If you donâ€™t want to be hooked up to machines, have your life artificially extended, or be subject to medical heroics, you need a living Will. Your wishes must be in writing and your living Will must be in your doctorâ€™s hands to carry out your wishes.
Your Living Will Must be in Writing
Although it is wise to share your feelings with your loved ones, it is not enough just to tell them you want a living Will.Â Instead, your wishes must be in writing.
Terri Schiavo told her husband she didnâ€™t want to be hooked up to life support machines, but never put it in writing.Â When she collapsed and was in an irreversible coma, her husband sought to have life support removed.
Terriâ€™s parents disagreed and fought the removal.
15 years later, Terri was finally removed from life support.Â An autopsy revealed that she had been brain dead the entire time.Â
Your living Will wishes must be in writing.
Your Living Will Must be in Your Doctorâ€™s Hands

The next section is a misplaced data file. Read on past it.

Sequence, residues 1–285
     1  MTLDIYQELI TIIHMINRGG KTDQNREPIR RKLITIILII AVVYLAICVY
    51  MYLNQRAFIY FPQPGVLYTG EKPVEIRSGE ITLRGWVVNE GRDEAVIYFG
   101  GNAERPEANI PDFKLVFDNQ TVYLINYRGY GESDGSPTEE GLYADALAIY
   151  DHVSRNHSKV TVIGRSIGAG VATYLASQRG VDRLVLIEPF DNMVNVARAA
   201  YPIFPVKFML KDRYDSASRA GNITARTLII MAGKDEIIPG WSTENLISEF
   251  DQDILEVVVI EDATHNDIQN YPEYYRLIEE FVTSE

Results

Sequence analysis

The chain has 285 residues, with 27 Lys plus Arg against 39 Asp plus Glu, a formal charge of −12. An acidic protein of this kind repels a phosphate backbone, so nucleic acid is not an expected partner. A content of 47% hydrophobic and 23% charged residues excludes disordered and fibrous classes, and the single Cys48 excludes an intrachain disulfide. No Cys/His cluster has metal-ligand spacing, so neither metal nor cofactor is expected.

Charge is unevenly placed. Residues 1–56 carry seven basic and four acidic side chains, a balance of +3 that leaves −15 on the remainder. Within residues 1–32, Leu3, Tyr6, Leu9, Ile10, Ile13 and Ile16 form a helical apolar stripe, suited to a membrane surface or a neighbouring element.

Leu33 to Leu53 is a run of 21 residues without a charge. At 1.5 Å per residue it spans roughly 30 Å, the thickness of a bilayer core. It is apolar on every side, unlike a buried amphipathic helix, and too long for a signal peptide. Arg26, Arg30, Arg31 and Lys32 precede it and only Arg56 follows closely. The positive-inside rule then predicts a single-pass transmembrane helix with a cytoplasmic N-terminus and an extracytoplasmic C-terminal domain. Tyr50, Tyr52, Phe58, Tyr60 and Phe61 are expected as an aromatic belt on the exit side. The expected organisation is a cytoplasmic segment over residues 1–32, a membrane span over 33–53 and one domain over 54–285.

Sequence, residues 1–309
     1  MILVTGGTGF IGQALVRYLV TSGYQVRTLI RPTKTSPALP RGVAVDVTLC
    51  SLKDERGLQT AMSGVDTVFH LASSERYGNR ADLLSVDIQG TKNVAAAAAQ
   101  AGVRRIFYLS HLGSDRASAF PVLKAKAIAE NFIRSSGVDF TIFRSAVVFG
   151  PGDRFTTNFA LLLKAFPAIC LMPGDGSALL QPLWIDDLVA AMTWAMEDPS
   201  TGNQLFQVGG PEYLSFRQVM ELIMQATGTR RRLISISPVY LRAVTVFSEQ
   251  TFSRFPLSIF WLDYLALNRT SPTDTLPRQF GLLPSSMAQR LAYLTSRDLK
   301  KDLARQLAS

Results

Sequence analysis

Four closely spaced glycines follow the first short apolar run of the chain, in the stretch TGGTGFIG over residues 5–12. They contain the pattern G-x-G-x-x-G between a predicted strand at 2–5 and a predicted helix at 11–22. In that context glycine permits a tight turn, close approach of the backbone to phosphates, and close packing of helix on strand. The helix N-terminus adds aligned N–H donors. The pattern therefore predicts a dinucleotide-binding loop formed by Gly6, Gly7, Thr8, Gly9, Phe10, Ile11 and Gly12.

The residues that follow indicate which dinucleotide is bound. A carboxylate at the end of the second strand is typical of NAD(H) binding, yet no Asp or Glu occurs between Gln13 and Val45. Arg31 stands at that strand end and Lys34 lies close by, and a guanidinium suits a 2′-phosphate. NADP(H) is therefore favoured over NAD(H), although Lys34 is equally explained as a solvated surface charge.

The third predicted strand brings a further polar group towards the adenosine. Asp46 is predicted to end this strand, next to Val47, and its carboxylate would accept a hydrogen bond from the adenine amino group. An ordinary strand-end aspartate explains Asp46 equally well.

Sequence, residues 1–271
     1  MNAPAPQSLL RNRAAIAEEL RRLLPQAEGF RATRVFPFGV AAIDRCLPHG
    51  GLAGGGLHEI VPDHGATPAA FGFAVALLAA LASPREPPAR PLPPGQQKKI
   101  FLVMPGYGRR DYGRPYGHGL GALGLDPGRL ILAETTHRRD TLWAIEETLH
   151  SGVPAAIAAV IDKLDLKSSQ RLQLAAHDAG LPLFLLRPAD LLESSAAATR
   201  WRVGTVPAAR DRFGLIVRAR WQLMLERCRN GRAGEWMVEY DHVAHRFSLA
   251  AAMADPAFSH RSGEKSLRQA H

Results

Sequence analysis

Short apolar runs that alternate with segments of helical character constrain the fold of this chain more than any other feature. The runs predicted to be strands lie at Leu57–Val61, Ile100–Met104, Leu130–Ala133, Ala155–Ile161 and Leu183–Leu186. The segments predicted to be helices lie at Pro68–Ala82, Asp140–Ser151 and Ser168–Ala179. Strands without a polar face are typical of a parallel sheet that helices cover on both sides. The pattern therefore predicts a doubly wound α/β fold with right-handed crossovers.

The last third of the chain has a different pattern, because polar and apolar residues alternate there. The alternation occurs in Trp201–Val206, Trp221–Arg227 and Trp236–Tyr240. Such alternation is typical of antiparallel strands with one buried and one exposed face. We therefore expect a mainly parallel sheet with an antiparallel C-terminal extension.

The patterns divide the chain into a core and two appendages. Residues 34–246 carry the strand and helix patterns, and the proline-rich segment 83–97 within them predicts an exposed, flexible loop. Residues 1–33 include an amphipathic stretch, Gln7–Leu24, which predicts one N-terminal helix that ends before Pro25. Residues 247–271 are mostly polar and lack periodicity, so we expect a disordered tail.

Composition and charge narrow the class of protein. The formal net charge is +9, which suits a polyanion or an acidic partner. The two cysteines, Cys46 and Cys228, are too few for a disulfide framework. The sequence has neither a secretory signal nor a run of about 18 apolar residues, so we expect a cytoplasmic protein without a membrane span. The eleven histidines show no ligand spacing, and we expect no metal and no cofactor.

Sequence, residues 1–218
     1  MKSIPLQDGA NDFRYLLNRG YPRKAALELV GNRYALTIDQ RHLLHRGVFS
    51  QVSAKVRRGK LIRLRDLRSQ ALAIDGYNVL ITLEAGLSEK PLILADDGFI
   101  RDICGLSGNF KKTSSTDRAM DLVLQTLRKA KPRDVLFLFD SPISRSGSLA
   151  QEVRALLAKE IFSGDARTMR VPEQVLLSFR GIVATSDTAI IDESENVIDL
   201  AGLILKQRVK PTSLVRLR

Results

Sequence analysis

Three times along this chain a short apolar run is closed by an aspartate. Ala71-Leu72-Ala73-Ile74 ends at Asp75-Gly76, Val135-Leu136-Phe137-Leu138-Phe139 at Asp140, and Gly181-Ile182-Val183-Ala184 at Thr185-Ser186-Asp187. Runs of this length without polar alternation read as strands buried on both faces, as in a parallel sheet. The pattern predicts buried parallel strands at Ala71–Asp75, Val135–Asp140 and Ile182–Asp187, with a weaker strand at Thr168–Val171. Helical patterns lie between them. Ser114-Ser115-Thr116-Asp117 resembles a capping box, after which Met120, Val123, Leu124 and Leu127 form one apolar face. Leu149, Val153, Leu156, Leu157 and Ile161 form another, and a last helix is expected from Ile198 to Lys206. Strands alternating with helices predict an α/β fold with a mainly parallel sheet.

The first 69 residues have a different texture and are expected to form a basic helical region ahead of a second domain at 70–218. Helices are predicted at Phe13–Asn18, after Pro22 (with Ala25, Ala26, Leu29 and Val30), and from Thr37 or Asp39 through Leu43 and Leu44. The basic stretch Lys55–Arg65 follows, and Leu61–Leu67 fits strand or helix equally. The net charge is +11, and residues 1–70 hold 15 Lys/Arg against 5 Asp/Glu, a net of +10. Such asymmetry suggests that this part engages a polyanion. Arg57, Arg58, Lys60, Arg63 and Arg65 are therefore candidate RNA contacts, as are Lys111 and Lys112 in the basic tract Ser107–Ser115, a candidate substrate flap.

When you need your living Will, a copy of the document must be in your doctorâ€™s hands.Â There are two ways to make sure your living Will is available when needed.
First, let your loved ones know that you have engaged in estate planning and that you have a living Will. Let them know where you keep the living Will and give your agent (under you medical power of attorney) a copy.
Second, use a virtual service such as www.Docubank.com, which issues you a wallet-sized card that provides codes for medical personnel to get a copy of your living Will so your wishes can be followed.
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